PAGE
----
The two most common activities in a Sudbury schools are talk and free play. Conversation and free play are great things for children to engage in. These are universal human activities that people everywhere engage in readily whenever they can. It comes as no surprise that children choose to pursue them in an environment like Sudbury schools where no academic structure is imposed on their time.
I refer the interested reader to other sources regarding conversation and free play; you may find these at the bottom of this post, under Further reading.
To close this series of posts about children and academic structures, I will now turn to one other type of activity: video games. On occasion, I have heard the peculiar claim that, “okay, people seek novelty, but video games are addictive! Like heroin! They ruin everything and take away children’s freedom!”
In my experience, as much as video games may seem to engage people, a game can only retain its charm for so long, just like any other activity. People get sick of bad games because they get annoying after a while; people get sick of good games when they have mastered them to the point that the challenge is gone.
In all my years of gaming and involvement in the gaming community, I have not met many “game addicts”. However, those few I have met have always had real-life issues to run away from. It may be trouble at home, or it may be depression, but it seems the root of this obsessive behavior is the need to escape from something more serious. This becomes almost painfully obvious when you get over any prejudice you may have regading the nature of video games. Some people point at games in blame in these cases, but clearly the games are symptom, not cause. Even if a vicious circle is involved, I have not known people to truly spend too much time on games unless they need to escape from something else.
Still, one type of game is increasingly implicated in those cases where someone gets “addicted” to gaming, and I would like to say some words in defense of these games: multi-player games. Multi-player games have risen to prominence in the past decade thanks to rapidly improving Internet infrastructures that now allow people around the world to play together in real time. Games usually fall out of favor after a year or two, but in 2009 there are a few conspicuous games from the late 90’s that are still being played. The two most notable are Starcraft and Counter-Strike, and the primary reason they are still played is their excellent multi-player experience. Multi-player games can offer something off-line games cannot – a built-in social aspect.
The most successful and long-lasting multi-player games are either games that have effectively become competitive sports, or they are “MMOGs” – Massively Multi-player Online Games. The former are games like Starcraft, which has become a virtual sport which aspiring players train for regularly, hoping to succeed at tournaments with real cash prizes. Counter-Strike, a team-based game, is played by teams of friends (“clans”) who play together regularly and are more or less equivalent to soccer or basketball teams. MMOGs, such as mega-hit World of Warcraft, on the other hand, engage players with intricately-designed virtual worlds that offer not only challenges but masses of other players, as well as means – and excuses – to interact with them regularly.
In both cases, these games are so exceptionally successful because of the social aspect – rather than isolating players, they bring them together. If a player abandons the game, they abandon their friends, and this makes it much harder to leave these games behind. Much of the gaming and communicating takes place in the privacy of one’s home, but it is common for Counter-Strike clans and their World of Warcraft equivalents, guilds, to meet up, face-to-face, to play together on a local network or simply to hang out. These games forge connections between people, united by a common interest, giving rise to friendships and in some cases relationships – even marriages. Such a game may hold a person’s attention for a surprisingly long time on their own, but sooner or later the virtual experience tends to escalate. More often, they are interwoven from the very start, helped by the online communities where players meet to discuss the games they play. In fact, the players who spend the most time on their games are the ones most likely to make friends with other gamers, perhaps because they spend more time with the games, or because they need new social connections the most. Games can enable these players to find other like-minded people, and in the long run may do more good than harm, eventually giving players a reason to go out after all.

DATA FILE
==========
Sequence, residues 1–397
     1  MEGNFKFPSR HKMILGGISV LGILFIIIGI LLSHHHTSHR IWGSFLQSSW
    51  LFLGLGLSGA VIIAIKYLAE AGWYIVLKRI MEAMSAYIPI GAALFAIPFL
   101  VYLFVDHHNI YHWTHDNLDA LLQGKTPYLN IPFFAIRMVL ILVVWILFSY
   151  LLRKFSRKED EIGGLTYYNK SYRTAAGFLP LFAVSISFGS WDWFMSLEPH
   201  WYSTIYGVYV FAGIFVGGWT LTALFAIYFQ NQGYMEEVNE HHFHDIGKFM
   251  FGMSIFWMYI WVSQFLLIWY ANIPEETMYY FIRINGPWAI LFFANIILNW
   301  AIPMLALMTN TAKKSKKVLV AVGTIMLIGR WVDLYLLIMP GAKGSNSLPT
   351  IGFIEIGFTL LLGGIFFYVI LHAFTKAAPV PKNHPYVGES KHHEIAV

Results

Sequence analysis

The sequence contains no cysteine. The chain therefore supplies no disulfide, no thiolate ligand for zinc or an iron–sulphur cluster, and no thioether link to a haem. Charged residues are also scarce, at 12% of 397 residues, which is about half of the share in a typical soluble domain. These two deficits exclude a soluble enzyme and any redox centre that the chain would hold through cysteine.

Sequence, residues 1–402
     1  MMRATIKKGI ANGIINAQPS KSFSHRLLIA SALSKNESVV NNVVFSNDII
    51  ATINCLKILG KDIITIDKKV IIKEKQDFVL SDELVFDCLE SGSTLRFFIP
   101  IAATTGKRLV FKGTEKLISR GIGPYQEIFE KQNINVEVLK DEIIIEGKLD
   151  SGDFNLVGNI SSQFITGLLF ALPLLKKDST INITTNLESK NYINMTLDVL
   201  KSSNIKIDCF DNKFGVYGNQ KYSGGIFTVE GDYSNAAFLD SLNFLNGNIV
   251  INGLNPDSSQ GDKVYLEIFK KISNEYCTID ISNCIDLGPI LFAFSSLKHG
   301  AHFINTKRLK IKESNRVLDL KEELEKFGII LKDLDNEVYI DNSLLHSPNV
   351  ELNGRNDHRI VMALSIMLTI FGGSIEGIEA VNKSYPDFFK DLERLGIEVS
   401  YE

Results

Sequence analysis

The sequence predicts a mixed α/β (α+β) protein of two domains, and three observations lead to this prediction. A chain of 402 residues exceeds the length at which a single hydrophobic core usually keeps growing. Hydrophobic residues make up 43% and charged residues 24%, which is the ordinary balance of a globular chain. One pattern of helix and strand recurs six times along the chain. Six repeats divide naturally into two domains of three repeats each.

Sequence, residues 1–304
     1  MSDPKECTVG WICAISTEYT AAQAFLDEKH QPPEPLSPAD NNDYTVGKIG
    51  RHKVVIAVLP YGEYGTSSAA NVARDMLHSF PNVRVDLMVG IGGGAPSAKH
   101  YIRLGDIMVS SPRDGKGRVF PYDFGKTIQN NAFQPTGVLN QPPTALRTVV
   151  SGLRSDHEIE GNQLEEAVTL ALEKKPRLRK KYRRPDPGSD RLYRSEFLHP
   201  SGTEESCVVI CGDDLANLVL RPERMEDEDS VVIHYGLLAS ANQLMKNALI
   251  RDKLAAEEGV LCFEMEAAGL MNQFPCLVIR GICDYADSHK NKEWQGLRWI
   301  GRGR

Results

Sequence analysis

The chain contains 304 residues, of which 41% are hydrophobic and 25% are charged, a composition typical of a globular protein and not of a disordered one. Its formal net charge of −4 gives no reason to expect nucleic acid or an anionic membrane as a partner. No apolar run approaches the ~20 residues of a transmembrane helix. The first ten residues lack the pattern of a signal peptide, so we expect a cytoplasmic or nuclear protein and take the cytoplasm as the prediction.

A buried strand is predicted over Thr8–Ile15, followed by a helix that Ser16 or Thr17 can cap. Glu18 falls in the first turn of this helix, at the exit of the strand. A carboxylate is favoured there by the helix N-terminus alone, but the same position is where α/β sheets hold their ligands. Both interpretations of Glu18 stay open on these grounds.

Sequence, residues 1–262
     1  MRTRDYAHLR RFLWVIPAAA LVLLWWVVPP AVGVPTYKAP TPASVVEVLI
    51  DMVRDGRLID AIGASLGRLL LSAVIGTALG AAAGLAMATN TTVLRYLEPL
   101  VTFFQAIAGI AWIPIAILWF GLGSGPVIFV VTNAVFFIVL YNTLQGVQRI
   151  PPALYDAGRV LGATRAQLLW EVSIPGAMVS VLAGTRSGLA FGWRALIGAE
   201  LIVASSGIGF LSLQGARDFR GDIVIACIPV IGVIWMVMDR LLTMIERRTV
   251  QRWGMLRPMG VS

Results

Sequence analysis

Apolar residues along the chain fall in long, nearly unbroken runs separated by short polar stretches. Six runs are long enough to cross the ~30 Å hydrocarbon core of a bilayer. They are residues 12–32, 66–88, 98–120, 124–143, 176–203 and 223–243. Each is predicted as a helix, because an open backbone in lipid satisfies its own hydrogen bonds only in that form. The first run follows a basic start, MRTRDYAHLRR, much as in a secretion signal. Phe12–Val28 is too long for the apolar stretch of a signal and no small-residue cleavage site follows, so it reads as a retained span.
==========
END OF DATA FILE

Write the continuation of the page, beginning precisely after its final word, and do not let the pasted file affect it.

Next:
If you believe that children do indeed need structure, I would like to hear from you in the comments: What kind of structure do children need? Do all children need it? If not, which kinds of children do, and why? In particular, do you see video games as an especially disturbing activity? And finally, I would really like to hear from you what you are afraid may happen to a child who attends a school like mine – what could go wrong without adult structure and guidance?
- Peter Gray at Psychology Today has posted extensively on the subject of free play, for instance in this series: link.
- “We were a small group of people bouncing ideas off each other” – the experience of a Sudbury Valley School graduate who played a lot and never took a class. (From Kingdom of Childhood)
I wrote a piece published in unerzogen magazine in 2008 (link [English, PDF]), where I argued that free and open communication enables school democracy and free learning, and that these also reinforce the freedom of communication in return.
If you are concerned about video games, I have a book recommendation for you: Killing Monsters: Why Children Need Fantasy, Super Heroes and Make-Believe Violence, by Gerard Jones. I found it exceptionally informative and interesting.